5) This is very much dependent on Plato. It says: there are degrees of perfection in everything that is. Some things are better or more beautiful or truer than others.
But if there is a more-or-less of perfection, there must be something absolutely perfect by which we measure this more-or-less. So whenever we value, we presuppose an ultimate value. Whenever we have degrees, we presuppose something which is beyond degree.
Now in all these arguments there is always the category of causality – it is always a conclusion from characteristics of this world to something which makes this world possible. Now I would believe that this is true, as analysis. Each of these arguments is true as long as it is not an argument but an analysis. It is one of those ways in which existentialist philosophy appeared in the whole history of Western thinking.
In the doctrine of the arguments for the existence of God, we have probably the most adequate analysis of the finitude of reality in the whole literature of the past.
This is the value of these arguments, and this is the reason why they have reappeared exactly as often as they have been refuted – which is a funny thing; I spoke about this already – and by the greatest men in the history of thought: some refuted them, some re-established them. The reason is that they included the existential analysis of man’s finitude, and as such they have truth. Insofar as they go beyond this and establish a highest being which as a being is infinite, they make conclusions which are not justified. And this seems to me our attitude towards these doctrines.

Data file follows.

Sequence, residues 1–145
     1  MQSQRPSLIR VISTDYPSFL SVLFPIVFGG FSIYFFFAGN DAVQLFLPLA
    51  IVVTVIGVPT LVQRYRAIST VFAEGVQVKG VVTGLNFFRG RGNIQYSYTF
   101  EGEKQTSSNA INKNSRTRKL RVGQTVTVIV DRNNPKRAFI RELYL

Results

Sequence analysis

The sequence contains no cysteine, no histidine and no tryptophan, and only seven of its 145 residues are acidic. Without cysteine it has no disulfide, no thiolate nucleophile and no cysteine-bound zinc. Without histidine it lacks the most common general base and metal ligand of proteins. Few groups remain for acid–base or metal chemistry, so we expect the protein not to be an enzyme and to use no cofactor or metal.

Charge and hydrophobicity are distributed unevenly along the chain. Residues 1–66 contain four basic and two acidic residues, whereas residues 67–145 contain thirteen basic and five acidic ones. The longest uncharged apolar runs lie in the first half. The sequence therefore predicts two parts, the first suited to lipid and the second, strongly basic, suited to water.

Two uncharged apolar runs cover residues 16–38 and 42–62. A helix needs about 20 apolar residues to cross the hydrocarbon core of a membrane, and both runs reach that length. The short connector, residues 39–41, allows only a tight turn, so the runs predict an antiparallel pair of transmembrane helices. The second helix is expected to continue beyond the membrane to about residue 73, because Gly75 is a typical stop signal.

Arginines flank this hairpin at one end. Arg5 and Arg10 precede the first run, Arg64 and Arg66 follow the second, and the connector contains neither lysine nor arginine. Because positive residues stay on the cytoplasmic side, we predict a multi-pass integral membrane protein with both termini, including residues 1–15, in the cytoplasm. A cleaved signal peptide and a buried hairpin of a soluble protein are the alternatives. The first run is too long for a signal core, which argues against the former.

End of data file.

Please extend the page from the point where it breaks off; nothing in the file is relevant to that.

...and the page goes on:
I must give you another concept which we find in Thomas Aquinas, namely the concept of predestination. Here we have a cross-working of motives. Predestination is an Augustinian idea taken over by the Dominican Thomas Aquinas, on the basis of his principle of intellect, which understands the necessities, and can by necessity derive consequences from what has preceded. On the other hand the Augustinians, the Franciscans, especially under Duns Scotus’ influence, emphasized the will so much that Divine as well as human will became ultimate realities, became, so to speak, ontological ultimates, not determined by anything other than by themselves.
So they introduced the element of freedom – the Pelagian element. The Augustinians introduced a crypto- Pelagianism into medieval theology, I. e., a Pelagianism which is not an open but a hidden Pelagianism, while Thomas Aquinas on the basis of his intellectualism thought in deterministic terms. This is important because it shows that Thomas Aquinas was religiously much more powerful than the Protestant criticism of the Scholastic theology admits. It seems that Luther didn’t know Thomas Aquinas at all. He knew the late nominalistic theologians, of whom one can rightly say that they were distortions of Scholasticism, and he fought against them. But he could have found in Thomas Aquinas his own and Calvin’s predestinarian thinking.
We must stop now, unfortunately. I must say something next time about Thomistic ethics because they are so much in the foreground of present-day discussions that we cannot leave them out completely.
Paul Tillich, A History Of Christian Thought – Table of Contents